Nobody meant to hurt anybody’s feeling here. It all started with good intentions. But since there was nothing but favors involved, there was no way to enforce people becoming flakes for whatever reason. One of your goals as the manager of an arts organization is to create a business model that doesn’t allow for flakiness. How do you do that? Pay people who are doing the vital tasks. You can do this by using volunteers only for non-essential tasks, so if they flake, you’re not hurt. Examples of non-essential tasks are redundancy in house management (have two volunteers, if one doesn’t show, you’re still ok), set painters, dressers, etc.  “Assistants” to everybody where appropriate, so that the main person can have an easier time, but if the volunteer doesn’t show, the main person who is getting paid can still get it done. The main check is to ask yourself “if this person doesn’t show up for some reason, would I be dead in the water?” If the answer is yes, pay them. By keeping your vital tasks assigned to people who have a financial interest (however small or large) you gain the ability to keep running your organization like a business, which is how it should be. If someone is not performing the things they are assigned to do, you have the power to let them go and to find someone to replace them, and the people being paid know that, and function with that in mind. This is a powerful control that shouldn’t give up in the name of low budget. Marketing and audience development is not something you want to have being done some of the time. There needs to be a system you’ve put in place that guarantees that it is running at least at a minimal level, all the time. And paid staff or freelance help can be set up to do that for you, and will do it, because they want to keep their job or your good business respectively. Volunteers, as much as they want to help, are not good to count on for reliability (and as I say that, I know that you may have a volunteer that is as reliable as the sun rising — but from my experience that is an exception to the rule.)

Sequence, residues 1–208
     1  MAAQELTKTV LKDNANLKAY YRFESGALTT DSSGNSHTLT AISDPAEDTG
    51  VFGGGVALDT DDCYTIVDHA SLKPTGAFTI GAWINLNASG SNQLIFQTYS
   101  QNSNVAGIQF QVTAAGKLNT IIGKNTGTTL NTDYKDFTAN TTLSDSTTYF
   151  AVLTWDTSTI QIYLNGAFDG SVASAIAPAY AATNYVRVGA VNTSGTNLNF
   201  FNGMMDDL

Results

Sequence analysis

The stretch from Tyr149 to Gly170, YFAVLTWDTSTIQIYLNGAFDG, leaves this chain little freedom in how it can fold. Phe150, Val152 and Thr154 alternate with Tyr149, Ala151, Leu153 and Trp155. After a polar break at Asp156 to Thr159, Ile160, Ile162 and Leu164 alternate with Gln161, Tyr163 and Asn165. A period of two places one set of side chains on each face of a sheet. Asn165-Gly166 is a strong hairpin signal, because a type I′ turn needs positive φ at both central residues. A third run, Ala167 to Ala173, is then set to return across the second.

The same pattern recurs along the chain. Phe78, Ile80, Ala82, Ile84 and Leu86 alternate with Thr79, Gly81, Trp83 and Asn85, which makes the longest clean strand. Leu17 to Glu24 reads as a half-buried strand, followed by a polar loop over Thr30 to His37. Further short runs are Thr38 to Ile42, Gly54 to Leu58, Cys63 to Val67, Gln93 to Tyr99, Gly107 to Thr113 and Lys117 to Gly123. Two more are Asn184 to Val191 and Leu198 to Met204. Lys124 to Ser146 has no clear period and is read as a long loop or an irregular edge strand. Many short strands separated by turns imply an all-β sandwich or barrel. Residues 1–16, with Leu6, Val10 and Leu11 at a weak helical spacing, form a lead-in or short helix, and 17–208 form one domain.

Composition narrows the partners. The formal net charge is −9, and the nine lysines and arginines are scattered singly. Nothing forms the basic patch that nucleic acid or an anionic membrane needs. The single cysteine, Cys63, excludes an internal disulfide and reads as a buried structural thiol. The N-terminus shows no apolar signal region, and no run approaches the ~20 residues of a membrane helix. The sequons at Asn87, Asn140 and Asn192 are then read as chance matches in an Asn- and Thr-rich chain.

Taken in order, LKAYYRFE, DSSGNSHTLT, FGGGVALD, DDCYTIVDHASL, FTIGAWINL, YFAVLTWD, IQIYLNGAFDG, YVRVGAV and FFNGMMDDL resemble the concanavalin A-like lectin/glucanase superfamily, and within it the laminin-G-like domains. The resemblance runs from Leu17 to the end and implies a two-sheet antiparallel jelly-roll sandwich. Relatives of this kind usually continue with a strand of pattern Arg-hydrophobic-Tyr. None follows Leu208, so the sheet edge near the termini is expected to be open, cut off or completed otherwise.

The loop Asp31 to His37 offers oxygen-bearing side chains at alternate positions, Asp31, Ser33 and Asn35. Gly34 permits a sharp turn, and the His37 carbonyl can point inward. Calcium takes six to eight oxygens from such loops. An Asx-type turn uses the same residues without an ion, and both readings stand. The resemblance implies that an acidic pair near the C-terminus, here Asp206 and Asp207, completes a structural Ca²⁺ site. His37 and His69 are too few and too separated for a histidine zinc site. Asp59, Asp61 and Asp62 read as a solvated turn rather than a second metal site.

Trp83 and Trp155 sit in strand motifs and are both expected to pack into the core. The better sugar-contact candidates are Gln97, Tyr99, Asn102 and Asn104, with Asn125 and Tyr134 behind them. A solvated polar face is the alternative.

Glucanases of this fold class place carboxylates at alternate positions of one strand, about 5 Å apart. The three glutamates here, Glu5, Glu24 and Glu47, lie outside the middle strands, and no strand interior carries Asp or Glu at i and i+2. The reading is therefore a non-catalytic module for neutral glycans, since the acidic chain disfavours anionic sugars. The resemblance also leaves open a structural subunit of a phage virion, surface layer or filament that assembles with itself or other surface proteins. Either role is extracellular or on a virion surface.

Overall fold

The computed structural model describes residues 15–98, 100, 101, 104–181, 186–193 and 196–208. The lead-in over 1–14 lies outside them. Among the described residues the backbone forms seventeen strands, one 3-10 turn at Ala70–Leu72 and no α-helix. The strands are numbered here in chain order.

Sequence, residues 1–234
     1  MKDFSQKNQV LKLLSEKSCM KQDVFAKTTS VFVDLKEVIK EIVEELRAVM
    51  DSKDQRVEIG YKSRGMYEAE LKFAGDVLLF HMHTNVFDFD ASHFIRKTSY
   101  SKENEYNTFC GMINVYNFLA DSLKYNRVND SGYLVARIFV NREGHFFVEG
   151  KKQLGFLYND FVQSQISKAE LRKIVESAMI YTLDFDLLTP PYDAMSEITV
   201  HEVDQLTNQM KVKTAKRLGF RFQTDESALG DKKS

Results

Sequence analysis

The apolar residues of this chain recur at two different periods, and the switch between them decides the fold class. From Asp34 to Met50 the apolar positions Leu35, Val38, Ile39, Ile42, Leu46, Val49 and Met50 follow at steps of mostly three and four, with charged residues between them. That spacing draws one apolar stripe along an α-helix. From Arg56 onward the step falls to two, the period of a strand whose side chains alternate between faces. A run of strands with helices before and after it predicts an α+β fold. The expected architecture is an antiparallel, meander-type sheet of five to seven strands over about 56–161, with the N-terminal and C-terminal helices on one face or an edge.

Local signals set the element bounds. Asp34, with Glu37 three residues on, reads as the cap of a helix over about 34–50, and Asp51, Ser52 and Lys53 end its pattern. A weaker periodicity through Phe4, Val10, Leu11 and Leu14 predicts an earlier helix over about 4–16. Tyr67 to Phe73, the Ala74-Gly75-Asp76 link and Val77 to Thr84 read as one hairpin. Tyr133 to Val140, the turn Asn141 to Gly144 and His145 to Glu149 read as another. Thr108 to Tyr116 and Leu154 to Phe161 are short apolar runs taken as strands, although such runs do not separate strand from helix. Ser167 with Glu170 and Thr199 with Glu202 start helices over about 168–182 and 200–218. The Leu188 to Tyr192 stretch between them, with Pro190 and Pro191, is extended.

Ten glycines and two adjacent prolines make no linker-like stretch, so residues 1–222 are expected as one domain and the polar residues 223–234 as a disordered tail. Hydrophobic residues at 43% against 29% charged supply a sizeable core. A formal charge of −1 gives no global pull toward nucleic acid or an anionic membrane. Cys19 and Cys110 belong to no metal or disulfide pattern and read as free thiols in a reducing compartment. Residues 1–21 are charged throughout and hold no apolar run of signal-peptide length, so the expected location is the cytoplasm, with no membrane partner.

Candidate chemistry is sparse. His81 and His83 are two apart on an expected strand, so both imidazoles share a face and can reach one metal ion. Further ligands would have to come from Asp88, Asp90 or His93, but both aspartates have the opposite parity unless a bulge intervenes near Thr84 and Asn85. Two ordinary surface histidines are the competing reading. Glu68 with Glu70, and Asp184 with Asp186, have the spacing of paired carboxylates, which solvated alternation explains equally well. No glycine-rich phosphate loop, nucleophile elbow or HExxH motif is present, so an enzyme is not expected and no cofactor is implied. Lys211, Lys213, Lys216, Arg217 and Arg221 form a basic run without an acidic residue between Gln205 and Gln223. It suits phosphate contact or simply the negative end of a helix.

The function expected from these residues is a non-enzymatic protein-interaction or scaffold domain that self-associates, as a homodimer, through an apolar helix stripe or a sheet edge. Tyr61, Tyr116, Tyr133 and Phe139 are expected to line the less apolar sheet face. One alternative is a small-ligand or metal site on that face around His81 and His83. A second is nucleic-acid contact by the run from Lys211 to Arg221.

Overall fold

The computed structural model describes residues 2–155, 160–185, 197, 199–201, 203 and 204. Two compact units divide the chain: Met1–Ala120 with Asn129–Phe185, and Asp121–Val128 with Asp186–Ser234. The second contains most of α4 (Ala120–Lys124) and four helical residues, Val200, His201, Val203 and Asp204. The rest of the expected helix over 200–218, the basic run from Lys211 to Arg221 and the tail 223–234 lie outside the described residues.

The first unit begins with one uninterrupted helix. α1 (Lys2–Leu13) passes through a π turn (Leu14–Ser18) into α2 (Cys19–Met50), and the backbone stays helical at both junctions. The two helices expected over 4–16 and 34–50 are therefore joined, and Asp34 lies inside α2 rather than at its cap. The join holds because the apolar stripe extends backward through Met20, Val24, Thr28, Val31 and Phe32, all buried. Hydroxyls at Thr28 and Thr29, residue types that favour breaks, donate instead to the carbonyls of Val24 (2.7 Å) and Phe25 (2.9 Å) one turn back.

But what if we can’t afford to pay people to do those tasks?

If you’re ok with non-reliable performance from your vital people, you can skip paying them. And some people are ok with that level of performance at their arts organization, and I’m not saying that’s not ok, for them. But if you’re struggling with the scenarios I’ve described above, just realize what the cause is, and find a way to fix it. Maybe that means you do a less-expensive show this season, so that you can pay less in royalties, and use the saved money to hire someone to rely upon to run a marketing campaign for you. Or that you increase your ticket price a couple of dollars so you can pay a small staff. You’re worth it, and they are too. What you get is marketing that works. Outreach that works. Websites that you can update on your own or know will get updated by your paid help whenever you need it. Lighting designers who want to do this for their art, and still be able to eat. Actors who get paid at least something for their craft. Yes, it costs more in the short term, but the reliability is there for the long term, which leaves you with the peace of mind that it’s getting done, and that you have options if there’s a problem. It’s a nice, relaxing place to be. Like this post? Please share it with others who you think might benefit from it, via the links below, and subscribe via email or RSS to receive future updates. Ron Evans is an arts marketing and technology consultant with Groupofminds.com in Sunnyvale, CA. Have an opinion about the content of this post? Start or join the conversation on our Facebook page.

About Ron Evans

I am an arts marketing and consumer psychology researcher, and principal consultant at Group of Minds. I advise leaders on behavioral psychology, marketing & technology to nudge audience behavior. Get in touch via email, on Twitter, or Google+: +Ron Evans